PHOENIX -- The NHL could claim a partial victory on Wednesday after a U.S. bankruptcy judge rejected bids by the league and Canadian billionaire Jim Balsillie to purchase the Phoenix Coyotes.
Judge Redfield T. Baum rejected outright Balsillie's offer to purchase the team and move it to Hamilton, Ontario, which the NHL had vehemently opposed. The judge upheld the league's right to decide who owns its teams and where they play.
Although Baum also turned down the NHL offer, he left the door open for the league to go ahead and purchase the franchise if it amends its bid to treat Coyotes owner Jerry Moyes and ex-coach Wayne Gretzky more favorably.
"In hockey parlance, the court is passing the puck to the NHL who can decide to take another shot at the sale net or it can pass off the puck," Baum wrote.
NHL deputy commissioner Bill Daly issued a statement saying the league is "pleased that the bankruptcy court has confirmed the league's rights to select its owners and the location of its franchises."
"We are reviewing the opinion and considering how we can best address the court's concerns regarding our offer to purchase the Coyotes," Daly said. "It remains our goal to secure the long-term stability of the Coyotes in Glendale."
Speaking to ESPN.com on Thursday in Helsinki, Finland, where Chicago and Florida play on Friday, Daly said, "Timing is important, but the fans in Phoenix have finally been given an opportunity to rally around this team now that the relocation option has been removed from the equation."
The court's ruling came on the eve of the start of the NHL season and after nearly five months of bitter legal wrangling with Balsillie and Moyes on one side and the NHL and the city of Glendale, where the team plays, on the other.
Balsillie said he would not appeal.
"From the beginning, my attempt to relocate the Coyotes to Hamilton has been about Canadian hockey fans and Canadian hockey," he said in a statement. "It was a chance to realize a dream. All I wanted was a fair chance to bring a seventh NHL team to Canada, to serve the best unserved hockey fans in the world. I believe I got that chance."
Glendale issued a statement expressing pleasure at Balsillie's bid being turned down, saying the city "looks forward to working with the NHL to keep the Coyotes playing in Glendale, Arizona, for years to come."
Moyes took the team into Chapter 11 on May 5 with a plan to sell to Balsillie, contingent on moving the franchise to Hamilton.
Balsillie's bid, which rose to $242 million when $50 million was added in an unsuccessful effort to persuade Glendale to drop its opposition, was denied with prejudice, meaning the proposal is dead.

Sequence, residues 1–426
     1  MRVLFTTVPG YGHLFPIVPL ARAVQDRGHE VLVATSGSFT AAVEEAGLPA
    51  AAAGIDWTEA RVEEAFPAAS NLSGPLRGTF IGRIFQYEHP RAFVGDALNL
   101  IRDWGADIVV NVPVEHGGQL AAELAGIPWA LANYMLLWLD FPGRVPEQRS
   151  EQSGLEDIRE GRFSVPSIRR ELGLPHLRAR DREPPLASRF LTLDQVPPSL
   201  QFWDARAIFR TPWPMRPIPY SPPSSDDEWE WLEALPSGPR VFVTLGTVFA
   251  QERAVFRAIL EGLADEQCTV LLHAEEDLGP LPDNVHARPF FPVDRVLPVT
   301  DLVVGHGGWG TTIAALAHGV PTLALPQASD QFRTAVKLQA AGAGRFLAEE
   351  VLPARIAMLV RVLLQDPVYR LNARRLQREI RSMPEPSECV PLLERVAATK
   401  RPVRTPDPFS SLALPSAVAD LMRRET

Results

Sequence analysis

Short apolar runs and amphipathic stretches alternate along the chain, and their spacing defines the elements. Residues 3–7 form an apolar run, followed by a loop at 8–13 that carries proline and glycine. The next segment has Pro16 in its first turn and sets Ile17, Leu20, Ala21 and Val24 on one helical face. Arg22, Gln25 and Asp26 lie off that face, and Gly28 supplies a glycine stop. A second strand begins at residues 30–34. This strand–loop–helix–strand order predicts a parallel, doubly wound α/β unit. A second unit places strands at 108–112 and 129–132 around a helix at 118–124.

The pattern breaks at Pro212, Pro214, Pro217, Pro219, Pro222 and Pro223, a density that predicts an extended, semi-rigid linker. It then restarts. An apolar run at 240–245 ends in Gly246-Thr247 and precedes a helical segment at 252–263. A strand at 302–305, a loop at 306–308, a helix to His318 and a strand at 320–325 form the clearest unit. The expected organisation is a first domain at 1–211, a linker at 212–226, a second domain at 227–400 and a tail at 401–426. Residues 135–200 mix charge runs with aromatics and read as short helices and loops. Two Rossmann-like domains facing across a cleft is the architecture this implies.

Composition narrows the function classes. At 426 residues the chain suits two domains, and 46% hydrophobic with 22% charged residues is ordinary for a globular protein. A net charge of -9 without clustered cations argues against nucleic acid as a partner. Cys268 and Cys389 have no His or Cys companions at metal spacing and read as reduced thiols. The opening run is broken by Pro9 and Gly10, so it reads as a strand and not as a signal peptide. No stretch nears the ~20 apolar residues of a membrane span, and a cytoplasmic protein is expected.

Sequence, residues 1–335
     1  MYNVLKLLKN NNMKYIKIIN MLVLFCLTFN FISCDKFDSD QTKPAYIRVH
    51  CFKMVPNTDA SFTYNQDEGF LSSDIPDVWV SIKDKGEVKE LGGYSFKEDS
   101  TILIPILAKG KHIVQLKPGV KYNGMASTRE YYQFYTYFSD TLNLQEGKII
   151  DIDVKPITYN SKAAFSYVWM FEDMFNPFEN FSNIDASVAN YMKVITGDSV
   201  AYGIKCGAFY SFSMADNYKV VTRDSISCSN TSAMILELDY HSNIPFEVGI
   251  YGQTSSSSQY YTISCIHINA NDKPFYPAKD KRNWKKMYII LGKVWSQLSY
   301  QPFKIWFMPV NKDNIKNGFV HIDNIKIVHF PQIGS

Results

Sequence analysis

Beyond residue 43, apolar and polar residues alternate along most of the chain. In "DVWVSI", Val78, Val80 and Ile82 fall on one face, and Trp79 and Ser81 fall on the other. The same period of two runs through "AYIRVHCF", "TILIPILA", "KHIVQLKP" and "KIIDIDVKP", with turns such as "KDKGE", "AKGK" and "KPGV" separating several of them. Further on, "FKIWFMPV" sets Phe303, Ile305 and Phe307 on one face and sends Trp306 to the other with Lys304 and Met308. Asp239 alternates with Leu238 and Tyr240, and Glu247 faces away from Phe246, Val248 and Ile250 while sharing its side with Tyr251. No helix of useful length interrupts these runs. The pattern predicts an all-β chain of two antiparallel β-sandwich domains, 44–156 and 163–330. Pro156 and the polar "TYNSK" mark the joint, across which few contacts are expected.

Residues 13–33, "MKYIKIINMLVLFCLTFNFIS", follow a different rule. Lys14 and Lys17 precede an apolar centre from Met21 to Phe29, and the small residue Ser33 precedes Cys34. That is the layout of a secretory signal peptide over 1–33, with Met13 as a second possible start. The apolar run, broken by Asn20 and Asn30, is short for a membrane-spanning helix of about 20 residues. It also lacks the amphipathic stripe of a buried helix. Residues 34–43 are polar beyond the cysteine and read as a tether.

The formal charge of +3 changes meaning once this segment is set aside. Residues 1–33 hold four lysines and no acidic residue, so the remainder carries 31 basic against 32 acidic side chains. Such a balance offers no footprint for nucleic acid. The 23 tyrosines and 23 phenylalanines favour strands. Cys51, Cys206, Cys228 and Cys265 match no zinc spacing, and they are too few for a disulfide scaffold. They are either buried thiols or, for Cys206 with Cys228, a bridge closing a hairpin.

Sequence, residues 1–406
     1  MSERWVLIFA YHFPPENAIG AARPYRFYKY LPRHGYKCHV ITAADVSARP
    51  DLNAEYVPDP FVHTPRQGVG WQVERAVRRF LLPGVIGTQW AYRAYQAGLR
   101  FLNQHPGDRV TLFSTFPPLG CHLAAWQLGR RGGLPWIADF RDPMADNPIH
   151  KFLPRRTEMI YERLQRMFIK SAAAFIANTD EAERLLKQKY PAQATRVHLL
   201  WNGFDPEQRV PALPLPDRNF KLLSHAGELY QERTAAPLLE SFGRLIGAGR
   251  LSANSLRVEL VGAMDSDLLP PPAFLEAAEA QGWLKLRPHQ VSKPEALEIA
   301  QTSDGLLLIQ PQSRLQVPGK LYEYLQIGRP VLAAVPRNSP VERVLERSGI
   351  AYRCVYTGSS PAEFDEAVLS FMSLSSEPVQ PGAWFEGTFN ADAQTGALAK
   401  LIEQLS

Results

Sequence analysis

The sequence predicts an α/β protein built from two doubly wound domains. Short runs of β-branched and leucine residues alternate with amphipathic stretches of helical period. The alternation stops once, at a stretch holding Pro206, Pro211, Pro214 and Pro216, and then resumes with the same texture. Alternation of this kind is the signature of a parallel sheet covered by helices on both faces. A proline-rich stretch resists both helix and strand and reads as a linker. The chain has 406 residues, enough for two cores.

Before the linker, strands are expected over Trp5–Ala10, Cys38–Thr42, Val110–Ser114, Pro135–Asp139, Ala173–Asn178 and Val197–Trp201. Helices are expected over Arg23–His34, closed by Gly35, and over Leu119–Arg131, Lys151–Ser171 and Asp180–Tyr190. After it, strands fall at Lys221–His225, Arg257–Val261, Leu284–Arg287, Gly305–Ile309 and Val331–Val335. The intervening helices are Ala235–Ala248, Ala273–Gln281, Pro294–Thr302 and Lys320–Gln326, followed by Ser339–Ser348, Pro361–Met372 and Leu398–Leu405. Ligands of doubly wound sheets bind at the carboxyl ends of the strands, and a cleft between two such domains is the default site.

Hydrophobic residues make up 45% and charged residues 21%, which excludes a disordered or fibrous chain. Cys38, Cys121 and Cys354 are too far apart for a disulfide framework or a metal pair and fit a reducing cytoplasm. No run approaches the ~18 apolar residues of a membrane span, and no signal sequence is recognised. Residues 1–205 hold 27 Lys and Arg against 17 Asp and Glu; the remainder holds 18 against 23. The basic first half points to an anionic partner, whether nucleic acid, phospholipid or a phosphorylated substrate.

Baum said he found no legal basis for overturning the NHL's right to determine the ownership of its member teams and where those teams play.
"This conclusion effectively is the end for the efforts of PSE, Balsillie, Moyes and the Coyotes to force a sale and relocation of the hockey team. ...," Baum wrote.
PSE is the company formed by Balsillie to pursue the Coyotes. The Canadian, co-CEO of Blackberry manufacturer Research In Motion, contended that the NHL was an illegal cartel and that its rules were anticompetitive under antitrust law.
Balsillie, who listed his personal worth at $3 billion, has said his bid obviously was the best and that a team would thrive in hockey-crazy Hamilton, while it could never succeed in Glendale.
The NHL board of governors voted 26-0 against Balsillie, labeling him untrustworthy. It is the third time Balsillie has tried and failed to buy an NHL team. Previous efforts to purchase the Pittsburgh Penguins and Nashville Predators also fell through.
At the last minute when other potential bids fell through, the league offered $140 million to buy the team and try to resell it. Its first option was to resell the franchise to a purchaser to keep the team in Arizona. Failing that, the NHL said it would look to relocate the franchise.
"There are multiple factors that support the NHL's bid," the judge wrote.
However, he based his rejection of the league bid on that fact that it would pay all unsecured creditors in full except Moyes and Gretzky, who would get only a share of what was left after every other party got its money.
"One of the prime policies of bankruptcy is equality of distribution among creditors," Baum wrote.
Moyes says he loaned about $100 million to the franchise, while Gretzky has a $22.5 million claim.
"There has been no determination that the Moyes and Gretzky claims are not 'legitimate creditors," Baum said. "It would be inherently unjust for this court to deprive them of their possible rightful share of any proceeds without first providing all involved a fair trial on their claims."
Just what happens next is uncertain in a complex case where more than 1,000 documents have been filed. The league has funded the franchise since last fall and the Coyotes open their season Saturday at Los Angeles.
Gretzky announced his resignation as coach last Thursday.
The unsecured creditors committee and the largest secured creditor, SOF Investment, backed the NHL bid.
The franchise has never turned a profit since moving from Winnipeg in 1996. Baum listed the results of the audit of the franchise that concluded the Coyotes had an operating loss of $54.8 million and a total loss of $72.1 million in 2008.
Baum also commented on the mountain of documents filed in the case:
"The attorneys for the parties have inundated the court with multiple motions, massive briefs and legal memorandums, numerous expert opinions on antitrust and other esoteric issues, conflicting declarations on issues tangentially related to the bankruptcy sale and the assertion of many satellite issues."
Information from The Associated Press and ESPN.com NHL writer Pierre LeBrun was used in this report.